2 Weeks through 2 Months

What Your Baby Does at This Age

  • Opens his mouth and searches for a nipple, sucks and swallows.
  • Puts fists in mouth.
  • When alert, watches your face and listens to your voice.
  • Thrusts out his arms and legs in play.
  • Rolls partway from back to side.
  • Grasps your finger.
  • Communicates with you by crying when he's hungry, bored, or uncomfortable.
  • Sleeps most of the day, waking every 2 to 3 hours to feed

Important Changes

  • Your baby's vision comes under better control as his eye muscles develop. Because eye muscles are still unsteady, eye movements are uncoordinated some of the time. Baby starts making tears around 8-12 weeks.
  • Personality starts to emerge. One baby may be noisy and impatient, while another is quiet and easy-going.
  • At the end of the month, first smiles begin to emerge in response to your talking, cooing and touching. Already, your baby is becoming a social creature.
  • Your baby's feeding schedule becomes more regular as the weeks pass.

How to support development

  • Make lots of faces at your baby. Imitate the faces and sound he makes.
  • Talk softly in your baby's ear. Play music.
  • Hold your baby on your shoulder so he can see the world. Support his head as you hold him.
  • Show your baby pictures and objects of simple shapes, bright colors and patterns, holding them 8 to 12 inches from his face.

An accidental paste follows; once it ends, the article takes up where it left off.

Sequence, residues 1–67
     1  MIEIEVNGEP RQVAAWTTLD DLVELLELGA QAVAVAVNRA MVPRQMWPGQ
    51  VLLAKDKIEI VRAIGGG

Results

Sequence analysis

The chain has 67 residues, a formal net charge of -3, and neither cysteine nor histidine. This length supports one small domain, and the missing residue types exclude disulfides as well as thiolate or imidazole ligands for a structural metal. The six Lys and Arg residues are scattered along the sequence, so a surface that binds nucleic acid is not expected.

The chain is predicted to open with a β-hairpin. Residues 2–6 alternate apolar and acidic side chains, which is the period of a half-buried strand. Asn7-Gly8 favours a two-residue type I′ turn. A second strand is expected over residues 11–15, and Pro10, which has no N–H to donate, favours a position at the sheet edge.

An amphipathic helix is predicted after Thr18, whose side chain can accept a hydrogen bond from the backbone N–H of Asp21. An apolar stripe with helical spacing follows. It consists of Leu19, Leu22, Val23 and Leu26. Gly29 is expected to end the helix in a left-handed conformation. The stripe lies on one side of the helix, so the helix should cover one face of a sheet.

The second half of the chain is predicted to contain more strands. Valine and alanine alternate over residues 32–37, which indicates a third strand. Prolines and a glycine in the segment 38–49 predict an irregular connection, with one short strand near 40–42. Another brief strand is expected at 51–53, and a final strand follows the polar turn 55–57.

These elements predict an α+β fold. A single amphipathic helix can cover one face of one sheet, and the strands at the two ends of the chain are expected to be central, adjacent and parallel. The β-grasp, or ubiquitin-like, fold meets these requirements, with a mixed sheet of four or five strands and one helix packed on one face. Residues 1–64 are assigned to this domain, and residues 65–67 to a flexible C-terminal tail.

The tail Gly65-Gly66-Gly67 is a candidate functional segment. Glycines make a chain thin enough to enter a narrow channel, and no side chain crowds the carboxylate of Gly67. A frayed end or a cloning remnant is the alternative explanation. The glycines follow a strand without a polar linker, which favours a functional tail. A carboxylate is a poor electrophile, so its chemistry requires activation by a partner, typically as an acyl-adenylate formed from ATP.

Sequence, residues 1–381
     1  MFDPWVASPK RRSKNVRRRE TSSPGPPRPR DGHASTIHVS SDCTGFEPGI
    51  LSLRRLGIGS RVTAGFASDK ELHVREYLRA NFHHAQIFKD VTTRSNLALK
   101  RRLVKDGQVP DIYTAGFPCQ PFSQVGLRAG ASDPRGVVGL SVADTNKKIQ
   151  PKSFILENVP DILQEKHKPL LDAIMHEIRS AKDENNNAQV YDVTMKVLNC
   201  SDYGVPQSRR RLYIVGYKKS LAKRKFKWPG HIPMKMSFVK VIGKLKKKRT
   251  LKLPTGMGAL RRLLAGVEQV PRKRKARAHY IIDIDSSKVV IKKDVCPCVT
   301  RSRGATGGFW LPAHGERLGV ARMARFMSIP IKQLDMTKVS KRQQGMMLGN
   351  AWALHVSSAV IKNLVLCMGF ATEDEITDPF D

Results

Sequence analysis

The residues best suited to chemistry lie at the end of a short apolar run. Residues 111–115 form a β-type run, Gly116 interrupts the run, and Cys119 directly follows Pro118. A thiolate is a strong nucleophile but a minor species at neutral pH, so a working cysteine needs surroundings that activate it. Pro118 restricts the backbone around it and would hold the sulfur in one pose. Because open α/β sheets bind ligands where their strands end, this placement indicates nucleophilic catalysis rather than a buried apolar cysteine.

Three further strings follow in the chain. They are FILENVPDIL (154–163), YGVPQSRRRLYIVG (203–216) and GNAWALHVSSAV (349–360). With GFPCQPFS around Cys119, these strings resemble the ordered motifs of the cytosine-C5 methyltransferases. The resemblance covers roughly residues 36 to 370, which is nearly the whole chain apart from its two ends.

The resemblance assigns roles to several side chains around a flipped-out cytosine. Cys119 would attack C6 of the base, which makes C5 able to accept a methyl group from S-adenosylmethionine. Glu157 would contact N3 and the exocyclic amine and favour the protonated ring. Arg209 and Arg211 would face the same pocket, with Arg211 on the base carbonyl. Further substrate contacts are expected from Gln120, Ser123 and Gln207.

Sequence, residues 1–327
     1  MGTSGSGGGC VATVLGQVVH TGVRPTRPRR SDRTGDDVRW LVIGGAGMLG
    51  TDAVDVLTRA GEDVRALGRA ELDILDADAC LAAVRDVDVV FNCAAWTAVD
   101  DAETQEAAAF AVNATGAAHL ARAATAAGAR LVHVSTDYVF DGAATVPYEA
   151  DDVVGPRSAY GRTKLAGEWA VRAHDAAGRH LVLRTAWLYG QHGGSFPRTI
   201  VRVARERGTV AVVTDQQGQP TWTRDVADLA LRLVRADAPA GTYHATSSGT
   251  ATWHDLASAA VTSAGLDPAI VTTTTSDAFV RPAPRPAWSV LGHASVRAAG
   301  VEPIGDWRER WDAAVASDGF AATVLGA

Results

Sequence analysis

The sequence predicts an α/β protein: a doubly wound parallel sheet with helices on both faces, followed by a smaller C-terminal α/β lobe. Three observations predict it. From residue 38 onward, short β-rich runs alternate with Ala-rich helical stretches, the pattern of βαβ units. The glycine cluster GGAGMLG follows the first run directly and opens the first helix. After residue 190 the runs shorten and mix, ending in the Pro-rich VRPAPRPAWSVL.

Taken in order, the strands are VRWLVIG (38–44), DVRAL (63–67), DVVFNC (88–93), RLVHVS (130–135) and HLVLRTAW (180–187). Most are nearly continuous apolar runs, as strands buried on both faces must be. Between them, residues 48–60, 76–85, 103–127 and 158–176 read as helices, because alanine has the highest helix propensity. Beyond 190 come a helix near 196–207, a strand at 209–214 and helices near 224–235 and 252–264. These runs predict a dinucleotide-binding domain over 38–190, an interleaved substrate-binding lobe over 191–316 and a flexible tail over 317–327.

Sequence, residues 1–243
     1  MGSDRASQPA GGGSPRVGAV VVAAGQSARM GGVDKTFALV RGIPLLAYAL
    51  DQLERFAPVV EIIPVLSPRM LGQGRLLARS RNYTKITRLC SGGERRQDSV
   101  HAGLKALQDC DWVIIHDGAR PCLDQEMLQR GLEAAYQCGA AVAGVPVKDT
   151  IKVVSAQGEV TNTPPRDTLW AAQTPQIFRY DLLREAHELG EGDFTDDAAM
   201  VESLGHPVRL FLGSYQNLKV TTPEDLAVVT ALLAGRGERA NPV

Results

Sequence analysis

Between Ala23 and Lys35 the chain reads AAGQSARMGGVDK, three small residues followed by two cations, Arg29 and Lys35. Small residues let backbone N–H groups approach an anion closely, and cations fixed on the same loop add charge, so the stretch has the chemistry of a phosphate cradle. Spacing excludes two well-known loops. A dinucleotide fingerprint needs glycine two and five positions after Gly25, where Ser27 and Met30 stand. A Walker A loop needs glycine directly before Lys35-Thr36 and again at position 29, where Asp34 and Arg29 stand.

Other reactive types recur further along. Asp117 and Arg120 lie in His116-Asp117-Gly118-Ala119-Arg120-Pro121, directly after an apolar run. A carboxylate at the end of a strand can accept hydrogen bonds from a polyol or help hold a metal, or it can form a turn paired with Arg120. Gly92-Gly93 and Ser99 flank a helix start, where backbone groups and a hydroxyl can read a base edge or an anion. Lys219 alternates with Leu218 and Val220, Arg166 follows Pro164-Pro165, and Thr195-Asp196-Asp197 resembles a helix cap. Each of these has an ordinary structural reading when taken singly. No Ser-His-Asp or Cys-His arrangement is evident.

• Place small mobiles or brightly patterned toys at the sides of his crib.
  • Hold, caress, kiss, and cuddle your baby. Talk to him, calling him by name.

Common Problems

Colic - Colic is a common problem in babies, especially those younger than three months. If your baby cries constantly, doesn't sleep, or has an extreme need to suck, he may have colic. That's enough to make both you and your baby miserable. Remember, nothing you’ve done has caused your baby’s colic and even if it persists, your baby will probably grow out of it by the time he’s four or five months old. Also during this trying period, give yourself a break from time to time. Get some help with child care and try to get some sleep! Listed below are a few things you can try to pacify your fussy, colicky baby. Try one thing at a time, so when you find what works, you’ll know it.